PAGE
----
Cheryl eyed her. “And I still wonder why you thought that. I never once told you I liked sports. I just feel like, when you’re with friends, you should enjoy being with friends. When you’re alone, you should enjoy a book.”
I glanced at Lorelei, but she was wearing her usual poker face.
“But when I saw all those books in your room,” said Bianca, “I realized we were going to be friends forever, because I had a bunch of books in my bedroom too. We have really different tastes, though. You like bad space westerns and pulpy swords-and-horses fantasy.”
“Well, you like stupid romance novels. And that’s not all.” Cheryl stabbed a finger at Bianca’s tablet. “You want me to start browsing through that thing? How many Japanese porn games am I going to find in there?”
“They’re not porn games! They’re called visual novels. And if you touch my guitar, I’ll break your face.”
I was sure she meant to say computer rather than guitar. I might be getting used to her random word replacements.
Bianca looked back at us, putting on a pleasant smile. “Anyway, I want to be a novelist too. What about you, Lorelei?”
We all looked at the quiet girl. She paused for a moment, as if gathering her thoughts. She tucked a lock of hair behind her ear, took in a breath, and then spoke the longest sentence we had yet heard out of her.
“Je veux devenir une traductrice, ou aider le monde a apprendre l'Anglais comme langue secondaire.”
Of course, that sentence was in a language we didn’t know.
“You know what?” Cheryl held up a hand. “I actually understood what she just said. That was French for, I speak French and that means I’m better than all of you.”
I snorted out a laugh, and Bianca giggled. Lorelei just shook her head.
“No,” she said. “Translator, or ESL.”
“Aaah,” said Cheryl, nodding as if understanding some important truth. “I see. Well, that’s all of us. So Maggie, what was that essay about?”
“Ugh.” I rolled my eyes. “I was hoping you’d forget about it.”
Cheryl laughed. “Huh, why? Was it about the boy you had a crush on?”
“Boy? Ew, no. I’ve never had a crush on a boy. It was worse than that, actually.” I folded my arms around my stomach, and looked down at the floor between us. “It was about Homewrecker’s.”
The smile fell off Cheryl’s face. A heavy, suffocating silence fell on us. No one made eye contact, each girl staring into space.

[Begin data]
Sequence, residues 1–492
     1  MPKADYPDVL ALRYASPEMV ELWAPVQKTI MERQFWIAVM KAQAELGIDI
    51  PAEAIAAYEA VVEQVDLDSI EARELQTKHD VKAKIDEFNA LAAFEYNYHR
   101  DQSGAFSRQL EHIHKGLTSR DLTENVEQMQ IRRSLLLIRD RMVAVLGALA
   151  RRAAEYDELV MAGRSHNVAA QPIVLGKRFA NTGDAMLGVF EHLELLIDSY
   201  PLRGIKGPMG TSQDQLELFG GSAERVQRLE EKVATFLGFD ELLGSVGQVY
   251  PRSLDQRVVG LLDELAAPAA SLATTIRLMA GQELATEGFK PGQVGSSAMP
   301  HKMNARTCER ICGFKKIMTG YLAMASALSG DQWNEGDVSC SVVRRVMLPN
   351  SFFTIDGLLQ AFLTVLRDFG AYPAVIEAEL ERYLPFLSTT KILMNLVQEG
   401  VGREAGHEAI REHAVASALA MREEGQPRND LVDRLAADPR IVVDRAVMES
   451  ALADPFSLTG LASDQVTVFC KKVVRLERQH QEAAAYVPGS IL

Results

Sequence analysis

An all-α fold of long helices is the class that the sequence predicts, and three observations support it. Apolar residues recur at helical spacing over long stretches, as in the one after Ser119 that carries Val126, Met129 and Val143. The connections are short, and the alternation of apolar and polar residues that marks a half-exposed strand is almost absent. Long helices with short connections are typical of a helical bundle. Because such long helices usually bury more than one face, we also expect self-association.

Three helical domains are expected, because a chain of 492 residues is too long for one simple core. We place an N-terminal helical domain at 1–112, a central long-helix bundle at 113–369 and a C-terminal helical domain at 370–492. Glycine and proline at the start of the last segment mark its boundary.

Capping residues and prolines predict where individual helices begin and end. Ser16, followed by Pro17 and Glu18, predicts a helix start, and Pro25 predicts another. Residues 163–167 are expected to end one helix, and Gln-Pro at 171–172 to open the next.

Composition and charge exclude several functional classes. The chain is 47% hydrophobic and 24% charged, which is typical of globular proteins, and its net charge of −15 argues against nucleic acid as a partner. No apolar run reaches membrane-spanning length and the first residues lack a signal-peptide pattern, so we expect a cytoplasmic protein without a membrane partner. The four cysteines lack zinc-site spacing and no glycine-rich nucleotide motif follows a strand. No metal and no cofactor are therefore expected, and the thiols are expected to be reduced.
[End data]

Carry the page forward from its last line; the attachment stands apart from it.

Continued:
“What....” Cheryl’s voice was small and distant. “What did you say about it?”
“Just what you’d expect,” I said. “That I’ve never met a person younger than me, that my elementary school seemed awful big for how few kids were there. I wrote that there were no students who would enter sixth grade after me, because I left an empty school behind.” I swallowed. “I wrote that, even though I wanted to get a degree and find a good job, I didn’t know who I’d be working for if we didn’t find a cure for Homewrecker’s.”
“No wonder you won that contest,” said Bianca. “The adults must have loved it.”
“Yeah,” I said. “A wide-eyed little kid saying the things they were all thinking. Thinking back on it, it’s pretty sad.”
Silence hung over us again, reminding us all of the one thing we didn’t want to think about. The four girls in this room were all part of humankind’s last generation. We were young. Our whole lives stretched out before us, but those lives promised to be decades worth of catching up to a species that slowly died out ahead of us. By the time we were adults, graduated from college and ready to start our careers, the world’s population would be so small that no one could enjoy our work.
What good would my articles be if no one read them? How could novelists live if no one bought their books? Who would pay for a translator when people cared more about coaxing food out of the ground?
To think that our lives would be pointless, no matter how hard we worked. It was enough to depress a girl.
“All right, well.” Cheryl picked up her tablet again. “This game has a competitive mode. You guys get ready. I’m going to zombie the crap out of you.”
Reluctantly, we each picked up our tablets and started playing again. I wanted to object, wanted to say I was sick of this game. But what was the alternative? Should I climb into bed, hide in the blankets and cry myself to sleep?
There was no point in crying, and I didn’t want to blow off my friends. So I raised an army of zombies and threw it against three other armies of zombies. It was all we could do.
<< Previous Chapter | Next Chapter >>